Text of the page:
One of the most challenging things for visitors to Russia is the language barrier. One look at all those back-to-front letters (Я, И), funny marks over letters (Й, Ё) and symbols vaguely familiar from those maths classes you fell asleep in (П, Г) is likely to send any native English speaker into a fit of pique. Can it be long before you hear the immortal words of the English-speaker abroad, "Why can’t they all just speak English?"
In fact the Russians share a lot in common with the British in this regard, who expected to be able to talk in their own language wherever they were in the Empire, and considered the language of Chaucer and Shakespeare as one of their most important legacies. In the case of Russian it was the language of Pushkin and Tolstoy of course, which was spread throughout the Caucasus, Central Asia and later, Eastern Europe too, initially (as with English) at the end of a bayonet but eventually becoming a genuine lingua franca for hundreds of millions of diverse peoples across the Eurasian landmass. English (the language of the enemy) and German (the language of Brother Socialists on the frontlines of Capitalism) were the most common foreign languages taught at school in Soviet times, and English today, as throughout the world, is considered a pre-requisite for success in many spheres. As a result, most people will have some small understanding of English, although it may not be enough to communicate satisfactorily. Frontline staff in hotels and restaurants used to welcoming foreign tourists, and the younger generation, will mostly speak some English, and dual or English-language menus (often amusingly translated) can be found in many restaurants in the centre.
The good news is that St Petersburg is much more tourist friendly than Moscow and here you will find that most street and metro station signs will have the English transliteration written in small letters under the Russian. There are lots of translation software tools available to help, but most of these are of questionable reliability and you would need to have access to the Cyrillic keyboard to use these fully. (That said, we swear by a two-way translation app on the iPhone that has an extensive, if not exhaustive, vocabulary of everyday words). But to get the most out of any visit to St Petersburg, making some effort to learn the alphabet and a few words before you come will pay dividends once you’re here.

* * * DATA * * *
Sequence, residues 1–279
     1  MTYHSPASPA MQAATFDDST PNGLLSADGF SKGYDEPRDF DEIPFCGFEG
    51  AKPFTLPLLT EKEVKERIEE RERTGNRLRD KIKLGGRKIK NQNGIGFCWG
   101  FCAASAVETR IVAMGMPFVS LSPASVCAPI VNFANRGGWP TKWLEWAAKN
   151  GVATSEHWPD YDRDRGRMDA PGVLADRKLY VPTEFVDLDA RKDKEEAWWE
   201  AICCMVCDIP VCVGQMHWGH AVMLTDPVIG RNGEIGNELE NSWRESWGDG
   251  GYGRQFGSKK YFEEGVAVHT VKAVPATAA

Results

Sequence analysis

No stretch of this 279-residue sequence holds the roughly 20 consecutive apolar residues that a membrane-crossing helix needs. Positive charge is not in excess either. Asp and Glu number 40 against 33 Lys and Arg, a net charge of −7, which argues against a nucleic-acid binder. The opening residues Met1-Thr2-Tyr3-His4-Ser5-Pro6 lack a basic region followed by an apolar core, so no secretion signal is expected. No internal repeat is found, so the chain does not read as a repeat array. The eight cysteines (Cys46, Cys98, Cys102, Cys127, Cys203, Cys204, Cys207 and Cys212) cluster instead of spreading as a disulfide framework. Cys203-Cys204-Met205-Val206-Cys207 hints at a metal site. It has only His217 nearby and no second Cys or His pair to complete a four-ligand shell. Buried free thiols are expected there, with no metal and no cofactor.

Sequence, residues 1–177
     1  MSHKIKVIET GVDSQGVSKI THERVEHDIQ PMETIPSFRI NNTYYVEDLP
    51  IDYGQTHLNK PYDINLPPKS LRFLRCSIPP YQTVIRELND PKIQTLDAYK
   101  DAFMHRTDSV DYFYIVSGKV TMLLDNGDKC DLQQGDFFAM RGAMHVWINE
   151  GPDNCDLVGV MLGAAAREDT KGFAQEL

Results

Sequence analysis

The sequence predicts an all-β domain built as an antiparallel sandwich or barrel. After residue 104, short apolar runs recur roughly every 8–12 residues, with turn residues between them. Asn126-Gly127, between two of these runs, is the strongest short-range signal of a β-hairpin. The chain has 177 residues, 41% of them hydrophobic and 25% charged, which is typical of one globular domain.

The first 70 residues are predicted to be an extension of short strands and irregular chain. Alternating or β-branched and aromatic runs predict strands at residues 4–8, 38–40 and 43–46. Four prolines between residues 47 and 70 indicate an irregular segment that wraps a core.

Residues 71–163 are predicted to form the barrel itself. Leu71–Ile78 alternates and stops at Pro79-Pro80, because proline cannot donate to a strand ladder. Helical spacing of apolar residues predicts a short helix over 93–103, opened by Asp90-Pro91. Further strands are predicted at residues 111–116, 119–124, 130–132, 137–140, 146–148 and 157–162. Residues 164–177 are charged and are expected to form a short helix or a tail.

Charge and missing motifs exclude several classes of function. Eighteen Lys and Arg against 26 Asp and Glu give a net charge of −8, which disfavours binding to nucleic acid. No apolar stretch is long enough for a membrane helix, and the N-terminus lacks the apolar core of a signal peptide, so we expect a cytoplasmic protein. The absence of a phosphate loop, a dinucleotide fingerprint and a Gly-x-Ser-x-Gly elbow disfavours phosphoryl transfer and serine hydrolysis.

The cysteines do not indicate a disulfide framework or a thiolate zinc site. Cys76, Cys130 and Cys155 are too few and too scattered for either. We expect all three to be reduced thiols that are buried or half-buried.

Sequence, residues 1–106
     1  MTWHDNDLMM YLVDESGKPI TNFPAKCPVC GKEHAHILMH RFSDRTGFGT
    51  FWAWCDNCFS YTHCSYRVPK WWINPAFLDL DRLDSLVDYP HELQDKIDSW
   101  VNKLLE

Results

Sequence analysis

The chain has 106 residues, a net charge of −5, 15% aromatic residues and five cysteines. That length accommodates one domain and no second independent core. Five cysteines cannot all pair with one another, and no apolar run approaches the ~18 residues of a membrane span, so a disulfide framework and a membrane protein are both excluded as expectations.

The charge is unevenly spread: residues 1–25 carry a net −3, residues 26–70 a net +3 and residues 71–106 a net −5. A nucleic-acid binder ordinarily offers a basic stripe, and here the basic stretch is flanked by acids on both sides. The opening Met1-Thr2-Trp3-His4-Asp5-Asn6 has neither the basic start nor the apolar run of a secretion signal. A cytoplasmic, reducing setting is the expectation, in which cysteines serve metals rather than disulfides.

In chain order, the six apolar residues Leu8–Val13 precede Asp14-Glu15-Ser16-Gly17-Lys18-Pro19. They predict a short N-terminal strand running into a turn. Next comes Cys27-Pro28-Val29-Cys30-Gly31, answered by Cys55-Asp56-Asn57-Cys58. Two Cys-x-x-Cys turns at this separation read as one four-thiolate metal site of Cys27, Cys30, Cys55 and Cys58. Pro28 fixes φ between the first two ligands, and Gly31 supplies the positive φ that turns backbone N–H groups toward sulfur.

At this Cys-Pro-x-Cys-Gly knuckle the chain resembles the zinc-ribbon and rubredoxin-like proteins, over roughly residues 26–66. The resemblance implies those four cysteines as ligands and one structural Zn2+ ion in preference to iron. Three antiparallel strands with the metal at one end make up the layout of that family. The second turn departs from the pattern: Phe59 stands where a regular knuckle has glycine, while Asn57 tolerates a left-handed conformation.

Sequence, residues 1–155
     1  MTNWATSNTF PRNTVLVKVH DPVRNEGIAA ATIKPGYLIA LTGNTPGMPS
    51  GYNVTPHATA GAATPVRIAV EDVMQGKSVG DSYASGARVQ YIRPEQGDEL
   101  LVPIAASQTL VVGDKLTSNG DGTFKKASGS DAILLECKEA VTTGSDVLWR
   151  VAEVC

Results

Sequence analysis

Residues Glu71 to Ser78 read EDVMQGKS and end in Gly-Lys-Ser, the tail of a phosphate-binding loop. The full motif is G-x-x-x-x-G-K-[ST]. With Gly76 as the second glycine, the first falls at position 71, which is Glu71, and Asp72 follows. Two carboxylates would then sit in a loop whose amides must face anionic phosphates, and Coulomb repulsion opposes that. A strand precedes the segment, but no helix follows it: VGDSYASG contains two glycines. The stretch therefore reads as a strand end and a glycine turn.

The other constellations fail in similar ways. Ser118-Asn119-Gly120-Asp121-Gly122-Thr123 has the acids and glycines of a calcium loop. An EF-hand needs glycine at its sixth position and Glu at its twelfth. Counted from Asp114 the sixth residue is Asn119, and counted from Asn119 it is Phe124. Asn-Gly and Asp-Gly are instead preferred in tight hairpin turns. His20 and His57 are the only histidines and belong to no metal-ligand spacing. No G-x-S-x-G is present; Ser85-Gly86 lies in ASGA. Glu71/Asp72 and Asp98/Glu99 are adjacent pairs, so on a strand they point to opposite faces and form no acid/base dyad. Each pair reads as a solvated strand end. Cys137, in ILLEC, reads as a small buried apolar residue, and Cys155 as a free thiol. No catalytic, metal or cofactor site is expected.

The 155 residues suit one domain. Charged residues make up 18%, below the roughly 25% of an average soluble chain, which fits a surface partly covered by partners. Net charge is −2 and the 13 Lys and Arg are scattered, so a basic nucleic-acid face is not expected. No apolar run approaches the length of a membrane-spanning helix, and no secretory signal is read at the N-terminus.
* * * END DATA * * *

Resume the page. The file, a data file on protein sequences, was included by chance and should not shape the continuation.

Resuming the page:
There follows below a very brief guide to learning the alphabet, together with some common phrases you may need (how to read and say them). We have deliberately simplified things, and there are of course plenty of rules and exceptions, but if you get through this and can remember the contents consider yourselves beginners!
The Cyrillic alphabet was created in the 9th century AD in what is today Macedonia by two monks, Kyril and Mefodii (Cyril and Methodius as they are better known) with the aim of translating the bible into the vernacular early Slavonic that was spoken then. Their invention took existing Latin and Greek letters and combined these with new letters they created to replicate sounds that were specific to Slavonic. Thanks to the spread of Christianity from Byzantium to Kiev, the alphabet was a huge success and adopted by many of the southern and eastern Slavs (thus today it is the basis for Serbian, Bulgarian, Ukrainian, as well as Russian, and during Soviet days was used for the Turkic and Persian languages of Central Asia).
Rather than learning the 32-letter alphabet in alphabetical order (which is fine if you’re going to be doing a lot of research or using dictionaries, but most bilingual dictionaries will usually include this list there anyway and being able to recite the alphabet is unlikely to help much when you’re ordering a meal or buying a train ticket), it’s easier to break the alphabet into 3 categories of letters to facilitate learning.
Category 1 consists of those Cyrillic letters which look and sound (almost) exactly like their counterparts in most Latin alphabets: А, Е, К, М, О, Т. Thus:
Кто? = who?
Кот = cat (male)
Мак = poppy
Category 2 consists of those letters which look the same or similar to letters in the Latin alphabet, but which have a different sound in Russian. These are: В (which sounds like V), Ё (Yo), Н (N), Р (R), С (S), У (U), Х (Ch – like German composer Bach)
Метро (Met-ro) = metro
Театр (Tay-atr) = theatre
Нет (Nyet) = no
Вот (Vot) = here (it) is
Москва (Mos-kva) = Moscow
Category 3 consists of letters which are uniquely Cyrillic (so if you know some Greek, Bulgarian or Ukrainian you may recognize some of these): Б (B), Г (G), Д (D), Ж (Zh), З (Z), И (I), Й (Y), Л (L), П (P), Ф (F), Ц (Ts), Ч (Ch), Ш (Sh), Щ (Sch), Ь (no individual sound), Ъ (no individual sound), Ы (Iy), Э (E), Ю (Yu), Я (Ya)
Аэропорт (a-er-o-port) = airport
Автобус (av-to-boos) = bus
Трамвай (tram-vai) = tram
Троллейбус (trol-lyey-boos) = trolleybus
Концерт (kon-tsert) = concert
Рубль (Roo-bl) = rouble
Водка (Vod-ka) = vodka
Зенит = Zenit, local football club
Санкт-Петербург (Sankt Pyet-yer-burg) = St Petersburg
Now you can read Russian (!), here are some names of famous Russians to practice with.
Phrases and common words
|Please / You're welcome||Пожалуйста||pa-zhal-is-ta|
|Goodbye||До свидания||da svi-da-niya|
|Who is last?*||Кто последний?||Kto pa-sled-nee?|
*Very important phrase to know any time you walk in somewhere (shop, ticket office etc) and there is a large group of people apparently milling around randomly in what passes for a Russian queue. By asking who is the last person in the queue, you find out who you will follow and announce to the crowd that you have joined the queue.
|(Currency) Exchange||Обмен (валюты)|
|No Smoking||Курить запрещено|